“Divisiveness” has become a major, much lamented theme in the time of Trump. The recent series in this paper decrying the lack of civil discourse encouraged the idea incivility is an issue itself, a style that can be separated from the substance of such problems as racism, immigration, mass murder, etc. That incivility is itself a threat to our democracy. This idea is comforting, making it seem that there’s a solution in just minding our manners, but it’s a distraction from the hard reality that the divisions amongst us are real and no amount of civil discourse can smooth them over.
A few days before the series appeared I had an email from a reader objecting to my referring in a column to Trump’s “ racist, xenophobic, fear-mongering, right-wing populism.” Such “name-calling,” he said, was uncivil of me. It wasn’t going to help heal the national divisiveness. He seemed disappointed, as if as a regular reader he had come to expect more of me.
I emailed back that in my understanding of “name-calling,” those four adjectives and a noun were not name-calling. What other words, I asked, would my reader use that would not be name-calling to denote a racist, xenophobic, right-wing populist? He didn’t respond, perhaps because he couldn’t think of any.
You are free to disagree that what many people think makes Trump a racist is not in fact racist. But if you think that his looking, walking and quacking like a duck makes him one, duck is the only honest word.
At first in characterizing some of Trump’s utterances, newspapers cast about for a euphemism for “lie” when it became clear to them that he was lying. It isn’t comfortable to call a sitting president a liar. But when what he said clearly contradicted a known fact, such as something he had said on the record a day or two before, and when it became clear that he made a habit of such discourse, most papers, even the staid New York Times, which still has a policy of calling everybody Mr. or Ms., pretty quickly decided that there was no more accurate or honest term for a lie than just that. That’s what the word was coined for, to denote a deliberate untruth and once you as journalist encounter what seems one, that’s the only word. (“Fib” is too cute, “Prevarication” euphemistically high-flown, “ misstatement” inaccurate when it was clearly intended, etc. )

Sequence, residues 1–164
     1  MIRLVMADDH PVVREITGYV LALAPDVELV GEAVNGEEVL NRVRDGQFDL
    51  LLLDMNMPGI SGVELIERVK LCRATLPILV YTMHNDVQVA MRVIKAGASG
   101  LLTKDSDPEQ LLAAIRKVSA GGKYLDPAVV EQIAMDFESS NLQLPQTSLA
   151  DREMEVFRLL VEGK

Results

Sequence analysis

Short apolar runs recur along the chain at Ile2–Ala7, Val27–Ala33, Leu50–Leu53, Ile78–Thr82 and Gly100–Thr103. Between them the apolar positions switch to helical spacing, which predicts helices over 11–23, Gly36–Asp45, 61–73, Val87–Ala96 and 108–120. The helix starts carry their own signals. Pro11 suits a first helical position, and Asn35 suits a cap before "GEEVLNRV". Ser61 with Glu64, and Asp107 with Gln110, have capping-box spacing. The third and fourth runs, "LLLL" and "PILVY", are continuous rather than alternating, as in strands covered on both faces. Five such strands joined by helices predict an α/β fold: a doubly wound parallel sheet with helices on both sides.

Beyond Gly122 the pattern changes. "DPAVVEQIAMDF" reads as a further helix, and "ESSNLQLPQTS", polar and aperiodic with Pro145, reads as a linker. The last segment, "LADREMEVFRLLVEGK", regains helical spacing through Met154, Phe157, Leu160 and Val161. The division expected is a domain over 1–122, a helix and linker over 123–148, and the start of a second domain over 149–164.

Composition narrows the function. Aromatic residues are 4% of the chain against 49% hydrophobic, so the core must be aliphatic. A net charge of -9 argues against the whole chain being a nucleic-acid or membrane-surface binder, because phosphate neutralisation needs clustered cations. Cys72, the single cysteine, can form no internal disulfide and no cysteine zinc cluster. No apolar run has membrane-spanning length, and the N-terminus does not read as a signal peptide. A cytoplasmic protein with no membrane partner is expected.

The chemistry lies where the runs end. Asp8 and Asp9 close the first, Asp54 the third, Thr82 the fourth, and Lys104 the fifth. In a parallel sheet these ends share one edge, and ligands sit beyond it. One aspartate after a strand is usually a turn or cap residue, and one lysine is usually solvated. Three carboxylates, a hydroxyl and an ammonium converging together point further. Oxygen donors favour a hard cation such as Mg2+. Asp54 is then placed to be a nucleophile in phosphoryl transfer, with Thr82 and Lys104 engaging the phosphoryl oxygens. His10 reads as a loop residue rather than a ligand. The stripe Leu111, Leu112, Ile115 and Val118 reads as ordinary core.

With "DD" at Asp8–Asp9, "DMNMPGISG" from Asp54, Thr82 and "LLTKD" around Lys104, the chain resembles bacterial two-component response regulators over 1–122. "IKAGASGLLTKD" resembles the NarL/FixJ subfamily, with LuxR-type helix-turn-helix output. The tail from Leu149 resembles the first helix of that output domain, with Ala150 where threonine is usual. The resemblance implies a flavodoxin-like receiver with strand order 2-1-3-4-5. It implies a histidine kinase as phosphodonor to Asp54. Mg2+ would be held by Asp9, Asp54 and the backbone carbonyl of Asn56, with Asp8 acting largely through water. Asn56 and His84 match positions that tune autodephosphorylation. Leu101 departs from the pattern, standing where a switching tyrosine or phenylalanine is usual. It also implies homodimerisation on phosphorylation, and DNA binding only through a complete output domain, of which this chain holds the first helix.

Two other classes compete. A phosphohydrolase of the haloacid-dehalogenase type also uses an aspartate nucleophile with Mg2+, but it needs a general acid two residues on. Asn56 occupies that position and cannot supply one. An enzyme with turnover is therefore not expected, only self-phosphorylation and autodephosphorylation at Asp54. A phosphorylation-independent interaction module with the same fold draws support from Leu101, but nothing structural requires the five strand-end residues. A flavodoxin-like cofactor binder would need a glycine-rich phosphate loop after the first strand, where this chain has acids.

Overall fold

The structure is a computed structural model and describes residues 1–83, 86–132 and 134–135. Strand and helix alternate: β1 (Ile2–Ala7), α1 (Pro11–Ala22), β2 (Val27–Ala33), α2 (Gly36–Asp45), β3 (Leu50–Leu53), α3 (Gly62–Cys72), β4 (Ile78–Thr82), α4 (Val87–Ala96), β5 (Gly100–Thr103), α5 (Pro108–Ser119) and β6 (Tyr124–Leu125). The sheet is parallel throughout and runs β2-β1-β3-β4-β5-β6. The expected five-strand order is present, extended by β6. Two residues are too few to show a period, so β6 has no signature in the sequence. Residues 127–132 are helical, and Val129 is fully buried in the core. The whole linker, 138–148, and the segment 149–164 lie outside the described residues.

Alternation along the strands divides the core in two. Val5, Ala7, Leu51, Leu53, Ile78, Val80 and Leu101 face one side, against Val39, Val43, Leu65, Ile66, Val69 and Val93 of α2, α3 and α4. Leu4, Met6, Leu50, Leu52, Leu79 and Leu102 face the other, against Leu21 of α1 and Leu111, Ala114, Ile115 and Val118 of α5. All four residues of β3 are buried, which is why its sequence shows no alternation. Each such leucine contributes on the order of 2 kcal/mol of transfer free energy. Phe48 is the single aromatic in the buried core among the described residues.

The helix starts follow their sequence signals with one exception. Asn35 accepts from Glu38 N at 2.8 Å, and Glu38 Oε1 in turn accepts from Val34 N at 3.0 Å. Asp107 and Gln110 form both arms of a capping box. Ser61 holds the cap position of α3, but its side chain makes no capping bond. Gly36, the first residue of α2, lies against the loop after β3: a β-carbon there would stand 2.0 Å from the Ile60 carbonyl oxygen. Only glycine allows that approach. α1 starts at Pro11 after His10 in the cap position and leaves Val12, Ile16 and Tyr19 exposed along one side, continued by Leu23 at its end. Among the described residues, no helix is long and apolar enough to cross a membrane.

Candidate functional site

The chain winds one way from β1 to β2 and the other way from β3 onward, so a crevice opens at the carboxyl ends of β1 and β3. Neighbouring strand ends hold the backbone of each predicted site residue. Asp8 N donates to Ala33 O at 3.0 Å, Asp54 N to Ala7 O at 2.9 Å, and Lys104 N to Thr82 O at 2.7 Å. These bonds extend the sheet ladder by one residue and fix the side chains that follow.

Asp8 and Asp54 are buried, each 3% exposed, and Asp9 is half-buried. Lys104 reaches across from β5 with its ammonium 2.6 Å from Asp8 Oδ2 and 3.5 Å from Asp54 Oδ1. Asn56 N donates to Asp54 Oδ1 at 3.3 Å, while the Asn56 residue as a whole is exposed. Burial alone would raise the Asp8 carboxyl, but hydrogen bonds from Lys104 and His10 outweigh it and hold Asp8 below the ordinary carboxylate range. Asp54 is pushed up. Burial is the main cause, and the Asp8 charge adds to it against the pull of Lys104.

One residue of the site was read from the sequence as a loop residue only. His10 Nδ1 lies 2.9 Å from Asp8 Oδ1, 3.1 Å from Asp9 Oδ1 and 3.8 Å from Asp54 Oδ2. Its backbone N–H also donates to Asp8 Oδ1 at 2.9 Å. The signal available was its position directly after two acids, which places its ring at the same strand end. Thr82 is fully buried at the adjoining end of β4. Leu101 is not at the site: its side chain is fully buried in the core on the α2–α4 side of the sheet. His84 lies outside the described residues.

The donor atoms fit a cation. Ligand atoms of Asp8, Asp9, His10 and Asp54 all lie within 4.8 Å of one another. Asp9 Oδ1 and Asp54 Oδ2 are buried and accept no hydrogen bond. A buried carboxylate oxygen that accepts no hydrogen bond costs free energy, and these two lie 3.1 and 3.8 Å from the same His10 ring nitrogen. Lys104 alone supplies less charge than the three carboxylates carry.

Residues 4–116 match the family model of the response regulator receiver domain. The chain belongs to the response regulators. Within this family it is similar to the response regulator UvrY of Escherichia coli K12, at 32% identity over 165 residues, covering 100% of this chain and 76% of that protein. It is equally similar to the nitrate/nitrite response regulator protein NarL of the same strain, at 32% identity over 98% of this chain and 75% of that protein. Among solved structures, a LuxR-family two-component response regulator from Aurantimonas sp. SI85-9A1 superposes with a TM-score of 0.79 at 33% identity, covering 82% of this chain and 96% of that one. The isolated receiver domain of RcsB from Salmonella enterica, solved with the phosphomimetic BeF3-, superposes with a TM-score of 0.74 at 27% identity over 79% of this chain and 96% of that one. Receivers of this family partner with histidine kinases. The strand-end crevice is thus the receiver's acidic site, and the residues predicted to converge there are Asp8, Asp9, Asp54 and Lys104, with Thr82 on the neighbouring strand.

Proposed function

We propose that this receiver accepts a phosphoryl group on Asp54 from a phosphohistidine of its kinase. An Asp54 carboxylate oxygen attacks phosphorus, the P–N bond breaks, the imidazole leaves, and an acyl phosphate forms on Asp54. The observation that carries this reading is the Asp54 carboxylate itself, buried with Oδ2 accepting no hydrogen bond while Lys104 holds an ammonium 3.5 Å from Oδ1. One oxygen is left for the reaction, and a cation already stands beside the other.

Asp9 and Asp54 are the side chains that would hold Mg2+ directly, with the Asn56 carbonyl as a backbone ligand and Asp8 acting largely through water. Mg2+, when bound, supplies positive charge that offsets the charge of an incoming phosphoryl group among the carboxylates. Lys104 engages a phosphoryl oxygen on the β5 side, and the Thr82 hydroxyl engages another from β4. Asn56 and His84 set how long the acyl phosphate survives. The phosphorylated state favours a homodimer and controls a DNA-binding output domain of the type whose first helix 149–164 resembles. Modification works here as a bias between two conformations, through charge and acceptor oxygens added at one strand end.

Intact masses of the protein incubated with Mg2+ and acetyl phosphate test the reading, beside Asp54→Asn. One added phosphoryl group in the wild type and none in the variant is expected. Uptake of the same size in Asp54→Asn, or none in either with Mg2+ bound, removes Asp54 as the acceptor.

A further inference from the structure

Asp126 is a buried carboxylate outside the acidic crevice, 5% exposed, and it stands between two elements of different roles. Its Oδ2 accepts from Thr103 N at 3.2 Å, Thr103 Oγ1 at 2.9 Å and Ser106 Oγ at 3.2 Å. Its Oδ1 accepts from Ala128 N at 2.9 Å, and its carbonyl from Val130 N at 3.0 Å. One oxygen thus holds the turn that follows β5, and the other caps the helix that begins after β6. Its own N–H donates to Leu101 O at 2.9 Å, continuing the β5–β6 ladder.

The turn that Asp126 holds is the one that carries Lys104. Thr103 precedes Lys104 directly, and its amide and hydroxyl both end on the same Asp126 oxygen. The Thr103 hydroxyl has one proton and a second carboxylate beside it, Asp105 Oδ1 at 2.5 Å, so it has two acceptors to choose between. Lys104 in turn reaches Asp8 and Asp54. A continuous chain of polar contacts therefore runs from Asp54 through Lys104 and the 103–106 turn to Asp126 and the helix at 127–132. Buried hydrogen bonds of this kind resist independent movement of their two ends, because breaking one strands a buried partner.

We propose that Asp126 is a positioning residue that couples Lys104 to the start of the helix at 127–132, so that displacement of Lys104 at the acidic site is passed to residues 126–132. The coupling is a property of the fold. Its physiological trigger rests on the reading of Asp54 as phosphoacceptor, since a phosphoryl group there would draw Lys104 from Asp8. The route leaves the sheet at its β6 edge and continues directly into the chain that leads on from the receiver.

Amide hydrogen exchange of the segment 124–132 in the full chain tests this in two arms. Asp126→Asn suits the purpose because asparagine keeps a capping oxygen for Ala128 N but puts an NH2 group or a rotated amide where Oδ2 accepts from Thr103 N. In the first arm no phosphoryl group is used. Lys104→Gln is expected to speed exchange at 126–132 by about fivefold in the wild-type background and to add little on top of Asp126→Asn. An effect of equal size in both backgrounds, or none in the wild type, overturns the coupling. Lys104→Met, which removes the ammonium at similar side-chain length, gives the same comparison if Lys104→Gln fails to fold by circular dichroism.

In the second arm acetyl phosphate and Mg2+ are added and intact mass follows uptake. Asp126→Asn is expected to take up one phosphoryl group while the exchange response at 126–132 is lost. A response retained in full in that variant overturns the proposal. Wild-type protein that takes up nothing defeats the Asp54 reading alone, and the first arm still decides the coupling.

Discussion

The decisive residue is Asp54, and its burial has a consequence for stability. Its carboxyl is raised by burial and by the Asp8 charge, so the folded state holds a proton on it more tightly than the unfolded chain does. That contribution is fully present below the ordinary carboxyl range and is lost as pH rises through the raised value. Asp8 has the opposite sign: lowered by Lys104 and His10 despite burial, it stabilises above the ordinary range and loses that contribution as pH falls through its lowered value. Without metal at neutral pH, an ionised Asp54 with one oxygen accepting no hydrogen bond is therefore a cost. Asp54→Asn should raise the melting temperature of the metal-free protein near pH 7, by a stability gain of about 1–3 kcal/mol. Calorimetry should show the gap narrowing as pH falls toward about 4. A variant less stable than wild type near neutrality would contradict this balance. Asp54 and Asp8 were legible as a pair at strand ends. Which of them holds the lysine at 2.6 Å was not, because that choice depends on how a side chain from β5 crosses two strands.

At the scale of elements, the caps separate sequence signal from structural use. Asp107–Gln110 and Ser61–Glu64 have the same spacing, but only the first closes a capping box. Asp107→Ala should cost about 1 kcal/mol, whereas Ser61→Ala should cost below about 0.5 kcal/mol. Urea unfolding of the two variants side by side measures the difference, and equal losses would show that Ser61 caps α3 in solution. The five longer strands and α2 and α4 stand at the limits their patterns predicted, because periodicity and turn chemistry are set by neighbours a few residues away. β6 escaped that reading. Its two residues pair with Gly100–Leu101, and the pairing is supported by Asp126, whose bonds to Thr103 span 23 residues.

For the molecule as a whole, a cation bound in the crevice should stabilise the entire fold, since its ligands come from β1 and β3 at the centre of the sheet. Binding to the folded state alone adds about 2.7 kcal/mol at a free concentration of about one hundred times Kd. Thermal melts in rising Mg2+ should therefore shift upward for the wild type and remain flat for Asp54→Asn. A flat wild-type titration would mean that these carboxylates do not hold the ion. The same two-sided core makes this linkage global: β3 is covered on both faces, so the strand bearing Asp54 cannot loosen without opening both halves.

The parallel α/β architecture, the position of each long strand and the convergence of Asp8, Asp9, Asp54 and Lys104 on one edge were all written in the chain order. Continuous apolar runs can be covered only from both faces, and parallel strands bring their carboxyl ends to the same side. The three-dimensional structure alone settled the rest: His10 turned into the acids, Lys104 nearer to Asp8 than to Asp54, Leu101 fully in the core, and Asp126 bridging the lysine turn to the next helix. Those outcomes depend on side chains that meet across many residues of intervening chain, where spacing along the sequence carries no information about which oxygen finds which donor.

It wasn’t nice for the Founders to call King George a tyrant and usurper, but those were the words deemed accurate and correct by those drawing up the Declaration of Independence.
What’s disturbing about the state of the nation is not that we have for some reason become forgetful of our manners, but that certain fault lines have been exposed. Trump—what he says, what he wants, what he does (and the fact that he has such an impressively large number of loyal followers)– has made it clearer than since, perhaps, the 1960s, that our country contains inherently antagonistic ideologies, values, and agendas.concerning race, immigration, our whole notion of what’s good and bad about our country. About what constitutes democracy. These differences are not bridgeable or healable by a change in language.
Genuinely civil discourse requires both sides to be willing to listen to each other, not just as simple courtesy or going through the motions, or perhaps to psychoanalyze what could be beyond such wayward thinking, but out of genuine respect for and interest in the other’s point of view. This respect is sometimes described as a willingness to learn from the other.
With many of the deep issues that trouble us such as the genuine answer for many is “No, we do not owe racism a respectful hearing. We have nothing to learn from white supremacy.” When, after Charlottesville, Trump suggested a moral equivalency between the white supremacists and those protesting them, that seeming civility was seen by many—most, is my impression—as itself evidence of his racism.